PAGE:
Cypress Conference participants went home with some key pieces of information that may help right now and through next season.
The morning started with a thorough primer on wheat streak mosaic from Dr. Mary Burrows of University of Montana. She shared her decades of research that points to ways to keep the mites from overwintering and what to watch for in spring.
Then Ken Coles shared what Farming Smarter and its partners are learning while working with a precision seeder to plant canola, corn and wheat. He also talked about lessons so far from growing dryland grain corn on a variety of stubble types and with varying nutrient applications.
Ryan Stevenson gave his best shot at explaining what the federal government may or may not do to the tax system and pointed out that farm owners will have to make sure they revisit what they’re doing financially with their tax expert.
Marilou Montemayor from the South East Alberta Watershed Alliance took a few minutes to tell landowners how they can access $5,000 for a watershed protection project in Seven Person’s Creek watershed; which includes Ross, Gros Ventre, Bullshead & Peigan creeks and Murray Lake. It also includes unnamed tributaries of these waterbodies.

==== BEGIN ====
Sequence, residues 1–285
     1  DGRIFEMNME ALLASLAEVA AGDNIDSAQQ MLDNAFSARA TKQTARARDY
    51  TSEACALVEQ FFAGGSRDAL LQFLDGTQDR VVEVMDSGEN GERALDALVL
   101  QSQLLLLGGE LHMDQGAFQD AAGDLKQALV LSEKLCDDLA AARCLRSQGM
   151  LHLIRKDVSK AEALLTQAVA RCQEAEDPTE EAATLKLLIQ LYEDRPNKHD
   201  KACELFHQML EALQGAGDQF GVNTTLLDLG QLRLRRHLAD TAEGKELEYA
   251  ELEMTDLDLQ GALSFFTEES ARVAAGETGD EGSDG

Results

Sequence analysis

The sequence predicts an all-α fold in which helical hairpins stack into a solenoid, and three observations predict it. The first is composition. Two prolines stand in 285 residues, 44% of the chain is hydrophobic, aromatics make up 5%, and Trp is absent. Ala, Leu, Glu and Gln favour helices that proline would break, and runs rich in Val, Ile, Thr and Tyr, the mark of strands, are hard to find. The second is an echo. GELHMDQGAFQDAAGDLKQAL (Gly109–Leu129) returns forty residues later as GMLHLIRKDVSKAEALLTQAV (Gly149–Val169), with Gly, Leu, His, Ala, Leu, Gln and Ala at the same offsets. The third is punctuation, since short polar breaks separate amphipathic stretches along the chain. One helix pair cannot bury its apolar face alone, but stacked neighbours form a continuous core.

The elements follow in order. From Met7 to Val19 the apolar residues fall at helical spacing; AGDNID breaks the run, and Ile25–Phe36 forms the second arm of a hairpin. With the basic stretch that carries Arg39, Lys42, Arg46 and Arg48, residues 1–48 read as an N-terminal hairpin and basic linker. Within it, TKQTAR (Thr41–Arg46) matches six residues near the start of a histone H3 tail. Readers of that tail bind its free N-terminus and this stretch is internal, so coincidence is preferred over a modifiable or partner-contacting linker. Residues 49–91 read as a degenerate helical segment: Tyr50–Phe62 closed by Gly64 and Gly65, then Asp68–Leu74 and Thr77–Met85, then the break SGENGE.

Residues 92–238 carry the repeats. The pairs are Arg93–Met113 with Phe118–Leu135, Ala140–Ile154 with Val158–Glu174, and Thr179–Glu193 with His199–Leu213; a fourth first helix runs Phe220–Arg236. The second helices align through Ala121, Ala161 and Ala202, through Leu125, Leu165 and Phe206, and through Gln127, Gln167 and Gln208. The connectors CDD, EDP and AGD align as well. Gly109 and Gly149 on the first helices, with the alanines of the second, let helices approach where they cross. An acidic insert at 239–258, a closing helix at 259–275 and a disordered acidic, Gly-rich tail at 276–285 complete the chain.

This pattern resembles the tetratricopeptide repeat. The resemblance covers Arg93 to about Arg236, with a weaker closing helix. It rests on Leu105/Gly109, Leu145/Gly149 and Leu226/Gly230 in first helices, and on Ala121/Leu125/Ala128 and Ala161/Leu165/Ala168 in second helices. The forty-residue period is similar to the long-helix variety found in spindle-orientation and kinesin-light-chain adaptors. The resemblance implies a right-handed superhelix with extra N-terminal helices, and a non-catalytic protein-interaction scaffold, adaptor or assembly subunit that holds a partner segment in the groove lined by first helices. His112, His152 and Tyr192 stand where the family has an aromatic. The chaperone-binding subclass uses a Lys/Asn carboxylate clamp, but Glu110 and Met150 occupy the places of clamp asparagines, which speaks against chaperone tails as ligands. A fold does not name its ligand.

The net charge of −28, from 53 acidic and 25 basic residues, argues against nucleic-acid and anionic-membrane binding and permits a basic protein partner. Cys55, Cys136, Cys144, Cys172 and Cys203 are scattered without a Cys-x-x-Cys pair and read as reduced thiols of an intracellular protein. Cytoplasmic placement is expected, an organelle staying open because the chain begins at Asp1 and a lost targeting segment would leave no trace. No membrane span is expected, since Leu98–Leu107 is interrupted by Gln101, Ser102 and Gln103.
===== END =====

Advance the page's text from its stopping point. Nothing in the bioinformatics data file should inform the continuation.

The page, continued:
Brad Calder from Alberta Ag Water Quality branch first scared us and then offered us a potential solution to the Zebra mussel invasion threatening our waterbodies and infrastructure. He also brought us presents – floating key chains that remind people to clean boats and keep those little blighters out of our province.
Dr. Yamily Zavala shared her passion for healthy soils, demonstrated the difference between healthy and unhealthy soils and implored landowners to use good soil management practices.
Jamie Puchinger shared that Farming Smarter learned winter grazing of winter wheat is always a winning tactic. Farming Smarter’s project with Scott Lehr and a partner organization up north illustrated that it may be a tactic that only southern Albertans can use, but it will serve them well if they try it.
Dr. Hugh Beckie filled everyone in on resistant weeds across the prairie provinces from the most recent survey his team did. The tidbit that stood out is that glyphosate resistant kochia emerges later than normal kochia and that may offer management method.
Finally, Scott Meers went through Alberta’s most troubling insects. He shared that the Diamondback moth caught everyone by surprise this past season and grasshoppers could do that in 2018 if conditions remain exceptionally dry.
Everyone also ate very well and did lots of talking with peers and speakers during the breaks. It was a grand day under the Grandstand in Medicine Hat. Don’t miss it next year.
To see the speaker presentations, go to our video library or YouTube Channel and watch the Cypress Conference Playlist
If you are now kicking yourself for not being at our Cypress Conference, go here and join us in early December for our
Lethbridge Conference & Trade Show.